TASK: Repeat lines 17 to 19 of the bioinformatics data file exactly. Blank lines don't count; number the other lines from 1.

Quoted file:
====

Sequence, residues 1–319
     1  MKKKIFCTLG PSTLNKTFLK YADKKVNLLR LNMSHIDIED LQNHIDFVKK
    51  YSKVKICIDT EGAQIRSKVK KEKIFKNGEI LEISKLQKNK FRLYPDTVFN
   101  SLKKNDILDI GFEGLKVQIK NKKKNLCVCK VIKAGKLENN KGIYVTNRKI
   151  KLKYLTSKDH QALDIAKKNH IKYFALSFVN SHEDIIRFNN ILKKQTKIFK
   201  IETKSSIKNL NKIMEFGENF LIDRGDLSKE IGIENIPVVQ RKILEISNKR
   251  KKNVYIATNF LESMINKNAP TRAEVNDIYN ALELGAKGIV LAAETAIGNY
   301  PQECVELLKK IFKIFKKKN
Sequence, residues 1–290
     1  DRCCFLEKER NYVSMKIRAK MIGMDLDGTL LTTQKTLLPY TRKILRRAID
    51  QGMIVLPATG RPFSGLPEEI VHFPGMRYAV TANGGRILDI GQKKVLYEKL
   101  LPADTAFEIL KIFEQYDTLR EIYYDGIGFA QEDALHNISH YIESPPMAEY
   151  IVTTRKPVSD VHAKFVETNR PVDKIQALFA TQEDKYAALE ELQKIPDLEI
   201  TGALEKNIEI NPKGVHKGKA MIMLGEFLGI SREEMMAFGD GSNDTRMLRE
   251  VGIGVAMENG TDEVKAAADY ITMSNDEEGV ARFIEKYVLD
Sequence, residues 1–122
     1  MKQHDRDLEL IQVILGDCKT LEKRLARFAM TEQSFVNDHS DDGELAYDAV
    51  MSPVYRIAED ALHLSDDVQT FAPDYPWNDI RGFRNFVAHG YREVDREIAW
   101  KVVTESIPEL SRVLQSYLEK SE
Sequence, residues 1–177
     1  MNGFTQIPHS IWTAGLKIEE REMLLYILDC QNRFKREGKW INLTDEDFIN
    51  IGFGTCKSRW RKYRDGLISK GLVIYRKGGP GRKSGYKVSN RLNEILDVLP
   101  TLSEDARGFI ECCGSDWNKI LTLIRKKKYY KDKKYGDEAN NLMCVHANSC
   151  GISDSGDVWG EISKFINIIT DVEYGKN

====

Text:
     1  MKQHDRDLEL IQVILGDCKT LEKRLARFAM TEQSFVNDHS DDGELAYDAV
    51  MSPVYRIAED ALHLSDDVQT FAPDYPWNDI RGFRNFVAHG YREVDREIAW
   101  KVVTESIPEL SRVLQSYLEK SE